Ico and Shakespeare

In T&A Saying the wrong thing since 2008 on March 8, 2012 at 4:28 pm

Now I’m not going to say that Ico games are as good or meaningful as Shakespeare, that would be absurd and I would be stepping on a lot of toes, but there are some somethings that Shakespeare did to make his plays great which can be said that the ICO team did as well.

What I’m talking about is that many of Shakespeare’s plays seem to take a simple idea or theme and then expand around that: in the play As You Like It the central concept (not the central plot) is gender swapping. At around this point in time gender swapping is a concept that is brought up in many comedies as a quick joke: perhaps some big thug accidentally gets dressed in a woman’s sundress which would get a good laugh from the crowd. But where Shakespeare’s As you Like It differs is that the gender swapping is most of the play: it plays an important role in the plot, the gender swapped character lasts that way for most of the play, and it is a plan devised by the main character which pivots the story from one conflict to the next. Many of Shakespeare’s plays can be boiled down to one central theme in this way: Romeo and Juliet is forbidden love, Hamlet is revenge, etc. This is where the ICO games and the Shakespearean plays are somewhat similar, they both are based off  simple and well known themes.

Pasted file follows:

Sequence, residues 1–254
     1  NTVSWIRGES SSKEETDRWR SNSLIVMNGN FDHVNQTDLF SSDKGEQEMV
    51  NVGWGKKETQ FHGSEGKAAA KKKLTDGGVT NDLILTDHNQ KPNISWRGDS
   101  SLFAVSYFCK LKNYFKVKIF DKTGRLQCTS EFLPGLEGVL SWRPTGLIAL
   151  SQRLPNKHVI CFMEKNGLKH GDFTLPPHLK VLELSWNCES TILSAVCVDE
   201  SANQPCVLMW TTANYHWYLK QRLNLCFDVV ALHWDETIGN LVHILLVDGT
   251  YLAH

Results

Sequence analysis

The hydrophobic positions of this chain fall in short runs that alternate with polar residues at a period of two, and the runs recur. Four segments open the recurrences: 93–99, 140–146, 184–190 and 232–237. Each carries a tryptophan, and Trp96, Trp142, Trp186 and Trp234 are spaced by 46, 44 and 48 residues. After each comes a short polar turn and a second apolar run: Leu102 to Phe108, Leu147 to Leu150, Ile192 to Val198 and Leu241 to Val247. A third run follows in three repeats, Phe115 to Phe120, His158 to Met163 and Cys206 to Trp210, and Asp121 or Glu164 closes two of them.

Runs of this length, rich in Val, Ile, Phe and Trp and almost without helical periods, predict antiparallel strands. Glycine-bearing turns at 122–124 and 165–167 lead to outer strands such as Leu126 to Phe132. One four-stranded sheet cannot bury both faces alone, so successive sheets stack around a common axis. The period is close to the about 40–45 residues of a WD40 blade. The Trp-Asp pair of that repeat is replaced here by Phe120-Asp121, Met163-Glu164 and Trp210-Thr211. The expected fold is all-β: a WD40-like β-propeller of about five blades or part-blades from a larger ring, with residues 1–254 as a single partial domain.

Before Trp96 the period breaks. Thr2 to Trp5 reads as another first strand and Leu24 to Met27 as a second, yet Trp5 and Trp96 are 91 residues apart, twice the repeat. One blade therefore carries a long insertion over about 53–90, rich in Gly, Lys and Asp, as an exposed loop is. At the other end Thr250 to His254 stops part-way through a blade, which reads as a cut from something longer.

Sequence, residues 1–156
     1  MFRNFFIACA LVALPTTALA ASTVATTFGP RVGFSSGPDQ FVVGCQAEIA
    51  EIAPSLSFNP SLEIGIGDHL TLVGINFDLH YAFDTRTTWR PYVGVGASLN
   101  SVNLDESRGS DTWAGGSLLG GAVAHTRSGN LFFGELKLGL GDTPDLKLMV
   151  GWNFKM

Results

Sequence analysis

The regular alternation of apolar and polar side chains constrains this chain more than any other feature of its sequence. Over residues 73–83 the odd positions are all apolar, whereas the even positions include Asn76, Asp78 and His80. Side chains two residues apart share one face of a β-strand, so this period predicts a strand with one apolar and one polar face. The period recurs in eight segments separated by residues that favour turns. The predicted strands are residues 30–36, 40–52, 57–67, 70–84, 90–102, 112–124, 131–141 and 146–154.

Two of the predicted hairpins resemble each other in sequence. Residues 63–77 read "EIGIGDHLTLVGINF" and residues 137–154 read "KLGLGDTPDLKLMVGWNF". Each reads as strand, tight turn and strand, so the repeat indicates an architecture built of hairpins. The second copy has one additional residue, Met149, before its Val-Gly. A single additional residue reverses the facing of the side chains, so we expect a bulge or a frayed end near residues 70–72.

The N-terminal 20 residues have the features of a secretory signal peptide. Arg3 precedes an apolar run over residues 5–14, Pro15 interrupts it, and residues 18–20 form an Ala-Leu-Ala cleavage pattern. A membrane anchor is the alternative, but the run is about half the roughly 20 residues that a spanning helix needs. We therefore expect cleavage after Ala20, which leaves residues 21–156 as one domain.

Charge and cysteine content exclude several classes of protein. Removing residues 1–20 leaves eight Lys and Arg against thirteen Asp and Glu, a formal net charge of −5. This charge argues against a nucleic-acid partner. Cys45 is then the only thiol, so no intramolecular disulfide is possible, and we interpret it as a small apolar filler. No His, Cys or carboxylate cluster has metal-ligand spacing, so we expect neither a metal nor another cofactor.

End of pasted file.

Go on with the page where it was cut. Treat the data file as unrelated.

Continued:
In ICO’s second game Shadow of the Colossus the player quickly realizes that this game is nothing but boss fights. Now in gaming boss fights are many in number, and almost every game has them (depending on the genre). But Shadow of the Colossus is different because there are no smaller enemies in between. Most games build up to the Bosses, the player might have to grind for additional experience points so that they are better prepared for the boss fights, or the boss fights employ a more expert use of gameplay which the player can only get better at by practicing on the smaller enemies. So this idea of nothing but boss fights might come as a complete horror given gaming’s past experiences, but this is where the game differs from all others. Each Colossus the player faces comes with a new way to defeat them, this makes the game almost have a puzzle aspect to it. Each boss is not just about how strong your character is or how good you are at dodging and slashing, the Colossi all bring out a cognitive challenge for the player, and while the game gives some clues as to how to defeat them, it is ultimately up to the player to figure out how to defeat each and every Colossi.

As I imagine this kind of gameplay stemmed from a company trying and wanting to come up with a way to make a game with only boss fights. When I look at Shadow of the Colossus I see a whole game that took a simple and well known concept and then expanded outward to make an entire game. What can make something great, no matter the genre, is if the creator starts from the simple and expands outward. I see this in Shakespeare and I see this in Ico and both of these are at the top of their respected genres.


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